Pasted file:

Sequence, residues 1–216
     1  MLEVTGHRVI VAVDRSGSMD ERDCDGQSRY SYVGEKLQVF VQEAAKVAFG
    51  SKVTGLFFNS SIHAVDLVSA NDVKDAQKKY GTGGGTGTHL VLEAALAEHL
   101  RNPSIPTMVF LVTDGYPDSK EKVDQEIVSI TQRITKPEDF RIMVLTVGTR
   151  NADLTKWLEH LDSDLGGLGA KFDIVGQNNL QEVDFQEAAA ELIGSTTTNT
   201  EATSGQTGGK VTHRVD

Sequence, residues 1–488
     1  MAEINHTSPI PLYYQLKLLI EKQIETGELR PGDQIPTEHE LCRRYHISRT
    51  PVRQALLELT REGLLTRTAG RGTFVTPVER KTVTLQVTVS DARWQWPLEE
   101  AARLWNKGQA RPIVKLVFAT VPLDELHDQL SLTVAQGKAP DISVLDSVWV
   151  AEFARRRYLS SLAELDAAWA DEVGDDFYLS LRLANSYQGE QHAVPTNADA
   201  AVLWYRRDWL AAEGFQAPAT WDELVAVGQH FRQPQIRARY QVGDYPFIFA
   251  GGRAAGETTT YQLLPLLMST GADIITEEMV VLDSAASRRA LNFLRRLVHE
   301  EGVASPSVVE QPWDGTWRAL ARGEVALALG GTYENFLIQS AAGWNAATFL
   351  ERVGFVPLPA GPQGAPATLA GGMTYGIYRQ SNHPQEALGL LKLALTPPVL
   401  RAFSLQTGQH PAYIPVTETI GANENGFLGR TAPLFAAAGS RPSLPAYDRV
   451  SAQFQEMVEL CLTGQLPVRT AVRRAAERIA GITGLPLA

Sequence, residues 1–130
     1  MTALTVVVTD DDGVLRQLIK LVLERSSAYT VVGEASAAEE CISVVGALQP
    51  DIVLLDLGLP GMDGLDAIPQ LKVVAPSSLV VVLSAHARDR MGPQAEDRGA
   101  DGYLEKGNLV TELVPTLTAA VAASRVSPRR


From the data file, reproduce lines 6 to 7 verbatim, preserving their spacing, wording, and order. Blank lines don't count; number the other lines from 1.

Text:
   201  EATSGQTGGK VTHRVD

Sequence, residues 1–488